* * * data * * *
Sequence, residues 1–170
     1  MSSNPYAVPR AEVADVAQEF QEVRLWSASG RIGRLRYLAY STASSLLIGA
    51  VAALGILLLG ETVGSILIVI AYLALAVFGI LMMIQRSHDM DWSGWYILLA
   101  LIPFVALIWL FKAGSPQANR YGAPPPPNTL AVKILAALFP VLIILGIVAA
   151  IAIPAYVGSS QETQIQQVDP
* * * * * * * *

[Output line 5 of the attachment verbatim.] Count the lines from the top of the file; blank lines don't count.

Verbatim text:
   151  IAIPAYVGSS QETQIQQVDP